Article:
You’ve probably heard of yeast infections—but did you know that yeast in your body can cause more problems than just a little itching?
Candida albicans is a type of yeast that lives in everyone’s body. It is one of only hundreds of species of Candida yeast, but it is the most common. In a healthy person, Candida albicans is primarily found among the microorganisms of the gastrointestinal tract, where its growth is kept in check by the presence of beneficial bacteria and acids in your stomach. When you are in good health, all these types of microflora balance each other out, keeping your digestive system and bowels function at optimal levels.
When things become unbalanced, however, the Candida in your body can grow exponentially, creating a yeast overgrowth that throws off your internal systems and causes a host of health problems.
What causes a yeast overgrowth?
Yeast overgrowth generally happens when something upsets the balance of your digestive system. There are several ways this can happen.
- Digestive inflammation: Inflammation increases the growth of Candida, so if you have a stomach infection or other intestinal complaint, you may develop a yeast overgrowth.
- Antibiotics: If you undergo several rounds of antibiotics in a short amount of time, the healthy bacteria in your digestive system will decrease, and the Candida in your system may grow out of control.
- Compromised immune system: If you have an autoimmune disease or are undergoing chemotherapy, your body is at greater risk for developing yeast overgrowth.
- Diet change: If you make a sudden and dramatic change to your diet, you will alter the microflora in your digestive system. Though this change is temporary, it may be enough for the relationship between yeast and bacteria to become unbalanced.
It’s important to note that it is not the presence of yeast itself that is the problem—everyone’s body has yeast in it, just as everyone’s body has bacteria in it. The trouble arises when your internal balance is thrown off, and the yeast grows out of proportion to the other microflora in your system.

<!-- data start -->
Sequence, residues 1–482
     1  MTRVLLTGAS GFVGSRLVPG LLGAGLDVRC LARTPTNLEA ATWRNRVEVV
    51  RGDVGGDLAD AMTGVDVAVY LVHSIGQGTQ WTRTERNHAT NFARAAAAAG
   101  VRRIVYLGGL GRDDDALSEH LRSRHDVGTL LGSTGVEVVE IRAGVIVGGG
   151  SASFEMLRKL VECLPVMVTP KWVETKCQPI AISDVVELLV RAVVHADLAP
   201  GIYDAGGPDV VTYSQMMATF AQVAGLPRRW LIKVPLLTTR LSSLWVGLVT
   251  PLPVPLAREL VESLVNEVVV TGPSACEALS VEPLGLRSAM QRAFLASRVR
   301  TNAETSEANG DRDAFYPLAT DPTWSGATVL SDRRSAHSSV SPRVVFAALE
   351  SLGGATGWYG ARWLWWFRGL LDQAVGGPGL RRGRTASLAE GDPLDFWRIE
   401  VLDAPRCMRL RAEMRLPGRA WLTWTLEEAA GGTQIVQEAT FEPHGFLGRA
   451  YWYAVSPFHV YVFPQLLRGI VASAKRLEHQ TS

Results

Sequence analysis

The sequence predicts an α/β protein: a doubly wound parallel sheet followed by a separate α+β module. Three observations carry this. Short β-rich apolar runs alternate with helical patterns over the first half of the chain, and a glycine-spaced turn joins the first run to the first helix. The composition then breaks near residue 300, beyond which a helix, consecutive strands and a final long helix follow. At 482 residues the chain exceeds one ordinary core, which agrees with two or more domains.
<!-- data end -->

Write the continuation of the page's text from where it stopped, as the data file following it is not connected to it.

Symptoms of yeast overgrowth
The most apparent symptom of yeast overgrowth is a yeast infection. This occurs when the yeast builds up and begins to affect specific parts of your body, usually warm or moist places like the genitals or armpits. Some versions of this are thrush (a yeast infection in the back of the throat), vulvovaginal candidiasis (a yeast infection of the female genitals), and diaper rash (a yeast infection on a baby’s bottom).
However, a topical yeast infection is not the only health problem that can result from yeast overgrowth. You may also develop many other symptoms that initially seem unrelated. These include:
- Skin conditions, e.g. eczema, acne, or dandruff
- Constipation or diarrhoea
- Gas or bloating
- Anal itching, which may be accompanied by hard stools or mild rectal bleeding
- Frequent urinary or bladder infections
- Peeling, flaking, or cracking around the lips
- Loss of energy or fatigue
- Fungus round the fingers and toes, which may cause nails to peel and crack
How to treat a yeast overgrowth
Symptoms of yeast overgrowth can be treated individually. For example, you can use honey or an antifungal shampoo to treat dandruff, stool softeners to help with constipation, or hydrocortisone to treat thrush around the mouth. But the symptoms will not go away entirely unless you treat the underlying digestive imbalance that is causing them.
Yeast feed on sugar, so the quickest way to limit the growth of Candida in your system is to cut out sugar from your diet. This doesn’t just mean sweets and sodas—you also want to eliminate foods that create high levels of sugar when they are digested. This includes:
- refined sugar
- sugary sweeteners, such as honey or maple syrup
- wheat and rice
- starchy vegetables, including potatoes, sweet potatoes, and corn
- legumes, like beans and lentils
- high-sugar fruit, such as bananas, grapes, pears, dates, apples, and cherries
- sugary drinks, including soda and alcohol
- dairy, which contains the sugar lactose
Because this is an extreme diet, it should not be followed for more than 1-2 weeks, and it is best to consult with a doctor before beginning (to make sure you are staying healthy and continuing to get all your nutrients).
You will also want to support your body with supplements that promote a healthy, balanced digestive system. This could include probiotics (to increase the growth of beneficial bacteria), antifungals (to limit the growth of yeast), and fibre supplements (to improve your digestion and return it to stock). Your doctor will help you decide on the best course of treatment.
Does yeast overgrowth exist?
While studies have been conducted on the effects of yeast growth (especially those of Candida albicans), there has been very little clinical research into yeast overgrowth as its condition. At this point, the majority of evidence is anecdotal and experiential, with patients who suffer from chronic, unexplained problems recovering when treated for an overgrowth of yeast.
Conventional medicine does not yet recognize yeast overgrowth as its disease, outside of traditional yeast infections. However, many holistic and nutritionally-oriented doctors—as well as the naturopath and nutritionist community—recognize yeast overgrowth as a disease that should be diagnosed and treated.
If you suspect that yeast overgrowth may be the root cause of your health problems, talk to a trusted medical professional to develop a treatment plan that is right for you.